Dave Davia

Dave Davia

This month, high school graduates across Colorado will head off to college in what many view as a rite of passage. As we all know, however, due to the impact of COVID-19, this year is different. Rather than enjoying a raucous campus life and rushing to classes, most students will engage in online or blended learning.

Despite the upheaval to activities and the lack of in-person instruction, there is one constant: the cost of tuition continues to skyrocket. In other words, students won’t receive a break in their bill. Perhaps more than ever, this phenomenon has forced us all to examine the high cost of a four-year degree.

According to a new study from the Common Sense Institute, tuition and fees have far outpaced inflation and most other consumer items. Since 2002, tuition and fees for in-state students has grown over 240% while inflation has grown just over 40%. Even more breathtaking, since 1998, both Colorado Mesa University and the University of Colorado Boulder have seen resident tuition and fees increase over 300%.

Buried in debt is a tough way to embark on a new career and these stats raise the question, “Is the degree worth it?” In some cases, for some students, it is. In others, not so much. College isn’t for everyone. Some students prefer hands-on learning. Others prefer to pursue a career where they can work outside and remain active. But we all want our students to be successful and find a rewarding career path without drowning in debt. So what’s the option?

Consider an apprenticeship. The quality of the education has never been better and the career potential has never been brighter.

Rocky Mountain MCA has established a long tradition of developing and fostering education opportunities and apprentice programs in the construction industry. Over the past year, we have embarked on an aggressive effort to improve our education programs and further enhance the quality of learning to meet the needs of our students and the industry.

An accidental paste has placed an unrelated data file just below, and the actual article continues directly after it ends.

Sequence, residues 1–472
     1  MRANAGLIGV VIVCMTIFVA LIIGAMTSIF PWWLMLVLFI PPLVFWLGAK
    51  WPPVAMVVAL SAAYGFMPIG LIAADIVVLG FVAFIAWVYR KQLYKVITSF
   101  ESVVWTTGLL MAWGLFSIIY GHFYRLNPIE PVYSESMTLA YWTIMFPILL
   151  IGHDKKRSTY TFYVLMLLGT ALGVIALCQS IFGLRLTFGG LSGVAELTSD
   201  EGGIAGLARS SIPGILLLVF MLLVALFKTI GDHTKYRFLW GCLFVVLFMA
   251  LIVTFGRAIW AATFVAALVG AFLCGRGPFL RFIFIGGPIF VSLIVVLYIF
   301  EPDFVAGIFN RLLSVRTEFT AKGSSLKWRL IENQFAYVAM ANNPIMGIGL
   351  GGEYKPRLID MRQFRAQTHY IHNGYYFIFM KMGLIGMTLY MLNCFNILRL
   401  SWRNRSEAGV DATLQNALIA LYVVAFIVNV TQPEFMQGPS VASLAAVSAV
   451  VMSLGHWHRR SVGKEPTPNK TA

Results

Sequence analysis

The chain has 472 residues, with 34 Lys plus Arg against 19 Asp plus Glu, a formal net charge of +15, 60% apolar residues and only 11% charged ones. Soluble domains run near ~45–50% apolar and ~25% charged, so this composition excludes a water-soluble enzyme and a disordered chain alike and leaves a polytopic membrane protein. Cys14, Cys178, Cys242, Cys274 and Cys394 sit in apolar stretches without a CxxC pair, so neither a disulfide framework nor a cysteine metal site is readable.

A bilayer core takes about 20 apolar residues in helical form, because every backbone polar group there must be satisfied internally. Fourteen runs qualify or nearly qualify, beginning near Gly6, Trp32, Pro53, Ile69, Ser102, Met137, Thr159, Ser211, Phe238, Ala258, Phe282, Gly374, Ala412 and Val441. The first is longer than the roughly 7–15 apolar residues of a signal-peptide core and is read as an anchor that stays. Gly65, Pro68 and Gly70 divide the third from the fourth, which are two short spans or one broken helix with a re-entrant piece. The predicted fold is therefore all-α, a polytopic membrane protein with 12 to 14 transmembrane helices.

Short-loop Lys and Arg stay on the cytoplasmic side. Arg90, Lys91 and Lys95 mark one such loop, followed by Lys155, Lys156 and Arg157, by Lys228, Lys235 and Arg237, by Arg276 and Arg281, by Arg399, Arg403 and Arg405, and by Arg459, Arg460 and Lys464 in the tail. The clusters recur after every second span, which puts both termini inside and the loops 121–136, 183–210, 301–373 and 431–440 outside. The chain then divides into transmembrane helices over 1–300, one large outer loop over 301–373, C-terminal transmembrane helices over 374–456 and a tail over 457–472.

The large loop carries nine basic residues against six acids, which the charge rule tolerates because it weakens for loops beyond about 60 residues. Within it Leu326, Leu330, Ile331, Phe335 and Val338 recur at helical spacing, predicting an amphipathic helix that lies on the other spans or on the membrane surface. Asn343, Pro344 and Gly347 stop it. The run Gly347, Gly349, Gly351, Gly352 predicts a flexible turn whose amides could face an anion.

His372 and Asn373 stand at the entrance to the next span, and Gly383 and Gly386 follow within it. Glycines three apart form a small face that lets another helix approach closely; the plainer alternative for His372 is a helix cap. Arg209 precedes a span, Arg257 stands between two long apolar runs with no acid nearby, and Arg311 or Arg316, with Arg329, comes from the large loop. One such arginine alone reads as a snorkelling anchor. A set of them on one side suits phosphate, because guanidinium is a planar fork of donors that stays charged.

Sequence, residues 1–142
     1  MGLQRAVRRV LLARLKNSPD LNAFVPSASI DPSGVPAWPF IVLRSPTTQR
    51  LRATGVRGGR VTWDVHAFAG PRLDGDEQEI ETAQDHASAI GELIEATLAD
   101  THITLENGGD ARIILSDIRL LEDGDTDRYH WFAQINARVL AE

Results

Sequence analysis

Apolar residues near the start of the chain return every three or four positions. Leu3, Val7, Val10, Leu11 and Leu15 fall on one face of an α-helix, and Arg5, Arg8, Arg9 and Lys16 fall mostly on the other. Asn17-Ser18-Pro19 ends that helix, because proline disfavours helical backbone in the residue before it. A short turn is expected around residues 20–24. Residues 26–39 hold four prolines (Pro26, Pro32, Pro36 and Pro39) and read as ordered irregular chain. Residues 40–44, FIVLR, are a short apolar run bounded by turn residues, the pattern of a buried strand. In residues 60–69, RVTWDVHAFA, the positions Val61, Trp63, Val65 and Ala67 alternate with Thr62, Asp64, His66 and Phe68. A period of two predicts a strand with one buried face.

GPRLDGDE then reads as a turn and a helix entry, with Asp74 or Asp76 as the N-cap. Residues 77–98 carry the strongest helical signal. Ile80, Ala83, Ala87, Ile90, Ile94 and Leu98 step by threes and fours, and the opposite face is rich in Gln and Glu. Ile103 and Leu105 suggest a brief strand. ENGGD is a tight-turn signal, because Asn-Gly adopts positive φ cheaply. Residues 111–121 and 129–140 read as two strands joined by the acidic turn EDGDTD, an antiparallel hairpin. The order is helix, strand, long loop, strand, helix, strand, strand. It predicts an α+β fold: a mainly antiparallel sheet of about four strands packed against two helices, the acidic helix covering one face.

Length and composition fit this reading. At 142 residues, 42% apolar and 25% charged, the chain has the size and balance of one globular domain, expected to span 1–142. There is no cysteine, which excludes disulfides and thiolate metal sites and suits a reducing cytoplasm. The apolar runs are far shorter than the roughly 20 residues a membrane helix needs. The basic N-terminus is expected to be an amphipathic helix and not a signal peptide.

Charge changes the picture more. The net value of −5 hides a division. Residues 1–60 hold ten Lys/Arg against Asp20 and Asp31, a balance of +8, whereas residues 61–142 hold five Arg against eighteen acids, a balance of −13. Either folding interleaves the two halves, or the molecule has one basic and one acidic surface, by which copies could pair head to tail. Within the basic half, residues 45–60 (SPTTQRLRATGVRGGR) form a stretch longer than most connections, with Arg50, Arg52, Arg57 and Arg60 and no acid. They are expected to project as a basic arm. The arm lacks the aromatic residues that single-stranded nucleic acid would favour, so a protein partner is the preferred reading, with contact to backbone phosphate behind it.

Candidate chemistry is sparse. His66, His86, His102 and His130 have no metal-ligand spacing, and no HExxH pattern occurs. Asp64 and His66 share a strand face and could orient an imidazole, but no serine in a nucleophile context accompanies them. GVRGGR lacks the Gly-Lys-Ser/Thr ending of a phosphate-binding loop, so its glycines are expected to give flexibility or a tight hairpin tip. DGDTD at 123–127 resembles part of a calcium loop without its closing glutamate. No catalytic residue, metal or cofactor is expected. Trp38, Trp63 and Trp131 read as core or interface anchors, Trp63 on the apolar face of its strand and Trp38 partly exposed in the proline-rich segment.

Our students earn a salary while they learn. They also complete their apprenticeship with no debt. Further, the average starting salary and benefits package for construction trades is $75,000. Even more impressive are the lifelong learning opportunities for students that allow them to continually progress on a variety of career paths.

I am pleased to report a landmark decision this month that will change the face of post-secondary education for the better. The American Council for Construction Education (ACCE) voted to begin accrediting apprentice education centers. ACCE is a leading global advocate of quality construction education. They accredit quality construction education programs. This new accreditation process will provide a measure along with standards that will continue to spur improvement at every learning center. Best-in-class apprenticeship programs put this education opportunity on even ground with a traditional four-year institution for students.

This is not only great news for the industry but also for women and men across the region who are interested in building skylines across the West.

Dave Davia is CEO of Rocky Mountain Mechanical Contractors Association.

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